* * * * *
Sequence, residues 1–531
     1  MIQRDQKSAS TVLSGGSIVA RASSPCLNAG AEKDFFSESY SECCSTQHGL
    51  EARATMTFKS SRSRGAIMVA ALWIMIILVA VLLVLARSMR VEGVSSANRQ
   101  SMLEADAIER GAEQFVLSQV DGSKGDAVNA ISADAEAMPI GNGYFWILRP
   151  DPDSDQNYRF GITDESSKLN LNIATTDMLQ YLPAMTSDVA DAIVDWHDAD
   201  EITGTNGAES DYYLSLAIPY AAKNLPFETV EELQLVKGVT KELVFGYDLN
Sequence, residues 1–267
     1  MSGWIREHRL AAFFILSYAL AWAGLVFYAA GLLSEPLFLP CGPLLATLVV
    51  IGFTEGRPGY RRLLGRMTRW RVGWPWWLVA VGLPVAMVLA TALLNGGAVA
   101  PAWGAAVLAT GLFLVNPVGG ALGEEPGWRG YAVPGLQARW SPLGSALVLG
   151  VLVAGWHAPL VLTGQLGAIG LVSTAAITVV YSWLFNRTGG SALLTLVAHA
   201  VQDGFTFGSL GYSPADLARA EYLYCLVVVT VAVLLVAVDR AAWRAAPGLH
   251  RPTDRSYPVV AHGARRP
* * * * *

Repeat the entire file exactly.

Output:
Sequence, residues 1–531
     1  MIQRDQKSAS TVLSGGSIVA RASSPCLNAG AEKDFFSESY SECCSTQHGL
    51  EARATMTFKS SRSRGAIMVA ALWIMIILVA VLLVLARSMR VEGVSSANRQ
   101  SMLEADAIER GAEQFVLSQV DGSKGDAVNA ISADAEAMPI GNGYFWILRP
   151  DPDSDQNYRF GITDESSKLN LNIATTDMLQ YLPAMTSDVA DAIVDWHDAD
   201  EITGTNGAES DYYLSLAIPY AAKNLPFETV EELQLVKGVT KELVFGYDLN
Sequence, residues 1–267
     1  MSGWIREHRL AAFFILSYAL AWAGLVFYAA GLLSEPLFLP CGPLLATLVV
    51  IGFTEGRPGY RRLLGRMTRW RVGWPWWLVA VGLPVAMVLA TALLNGGAVA
   101  PAWGAAVLAT GLFLVNPVGG ALGEEPGWRG YAVPGLQARW SPLGSALVLG
   151  VLVAGWHAPL VLTGQLGAIG LVSTAAITVV YSWLFNRTGG SALLTLVAHA
   201  VQDGFTFGSL GYSPADLARA EYLYCLVVVT VAVLLVAVDR AAWRAAPGLH
   251  RPTDRSYPVV AHGARRP